The French, Italians, Spanish, Greeks (and also Japan) savor leisurely dining; they give heavy emphasis to dine as a social event. They eat small portions at a time with long meals. The time given helps in digestions and also prevents overeating.
The French also like to accompany their meals with a glass of wine. Moderate consumption of wine is proven to increase HDL or good cholesterol and prevent heart related sicknesses.
Because of this traditional practice, France was recorded to be the country with the lowest heart disease! Amen to Win
Parsley Tabbouleh is a popular example of the fresh dishes that can be found in the Mediterranean Diet. This mouth watering salad is very refreshing, perfect to be served in those hot summer days with friends.
A research conducted by Men’s Health states that Portugal ranked the top spot while Spain ranked as runner up to be the countries with highest nutrition in their diets. Although Portugal is not located along the coast of the Mediterranean Sea, their diets have been greatly influenced by their neighboring countries. Portuguese food ranked top because besides adopting one of the healthiest diets in the world, the countries strategic location gives access to Atlantic Ocean. Portuguese eat around one serving of fish a day, keeping the Omega 3 part of their everyday diet.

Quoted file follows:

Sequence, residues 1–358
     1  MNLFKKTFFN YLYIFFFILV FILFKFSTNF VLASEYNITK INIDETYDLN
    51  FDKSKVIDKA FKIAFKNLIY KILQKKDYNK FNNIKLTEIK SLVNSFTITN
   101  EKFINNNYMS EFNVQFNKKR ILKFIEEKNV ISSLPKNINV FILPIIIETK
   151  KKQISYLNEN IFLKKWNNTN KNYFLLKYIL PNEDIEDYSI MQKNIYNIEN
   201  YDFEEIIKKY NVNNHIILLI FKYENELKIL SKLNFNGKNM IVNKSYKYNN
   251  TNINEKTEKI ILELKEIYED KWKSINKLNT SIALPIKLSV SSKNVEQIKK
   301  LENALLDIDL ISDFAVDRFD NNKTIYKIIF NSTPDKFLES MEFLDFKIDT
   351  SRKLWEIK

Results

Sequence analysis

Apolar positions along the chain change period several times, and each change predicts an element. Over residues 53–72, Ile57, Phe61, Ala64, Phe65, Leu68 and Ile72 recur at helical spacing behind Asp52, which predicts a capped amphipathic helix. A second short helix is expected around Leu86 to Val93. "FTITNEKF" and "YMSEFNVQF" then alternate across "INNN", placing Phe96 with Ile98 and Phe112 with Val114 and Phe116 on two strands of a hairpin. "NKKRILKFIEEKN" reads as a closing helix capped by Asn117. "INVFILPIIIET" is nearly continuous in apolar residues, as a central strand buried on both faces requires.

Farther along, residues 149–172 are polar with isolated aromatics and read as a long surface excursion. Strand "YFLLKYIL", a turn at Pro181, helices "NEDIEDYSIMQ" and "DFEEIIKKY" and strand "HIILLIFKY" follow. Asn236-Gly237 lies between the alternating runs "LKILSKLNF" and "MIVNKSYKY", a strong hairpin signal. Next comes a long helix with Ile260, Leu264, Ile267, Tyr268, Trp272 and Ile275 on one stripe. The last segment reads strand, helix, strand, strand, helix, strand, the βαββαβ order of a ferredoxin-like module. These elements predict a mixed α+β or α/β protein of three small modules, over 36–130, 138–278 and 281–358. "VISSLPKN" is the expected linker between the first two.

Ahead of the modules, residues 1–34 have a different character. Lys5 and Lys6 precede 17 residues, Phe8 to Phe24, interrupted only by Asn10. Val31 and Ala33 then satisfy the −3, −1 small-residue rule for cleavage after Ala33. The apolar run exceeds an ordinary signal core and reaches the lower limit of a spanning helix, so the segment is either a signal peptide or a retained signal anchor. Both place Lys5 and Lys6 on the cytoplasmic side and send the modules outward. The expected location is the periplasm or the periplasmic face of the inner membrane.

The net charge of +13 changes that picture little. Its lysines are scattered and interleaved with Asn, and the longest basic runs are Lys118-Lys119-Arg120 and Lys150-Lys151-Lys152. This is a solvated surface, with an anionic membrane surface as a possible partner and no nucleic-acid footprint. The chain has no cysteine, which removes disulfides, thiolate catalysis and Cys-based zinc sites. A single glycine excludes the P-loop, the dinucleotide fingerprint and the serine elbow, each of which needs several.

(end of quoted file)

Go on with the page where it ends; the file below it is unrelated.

Iceland has a similar diet to Portugal. Their diet heavily consists of fish and locally grown produce which is the reason for the Icelanders long life expectancy. Choosing locally grown food has more nutrition then imported products. Imports have heavier contents on pesticides and preservatives.
What can we learn from them?
Here are some practices that we can adapt from these countries:
The Fresher, The Better
I firmly believe this golden rule of eating. Indulge yourself in a variety of fresh, unprocessed fruits and vegetables available in any market. Skip the canned mushrooms and baby corn and go to the chilled section of whole foods. Doing this can help a great deal in removing processed food in your diet. Fresh food provides more fiber, fewer calories, saturated fats, trans fats, salt, sugar, and harmful preservatives.
Eat Colorful Food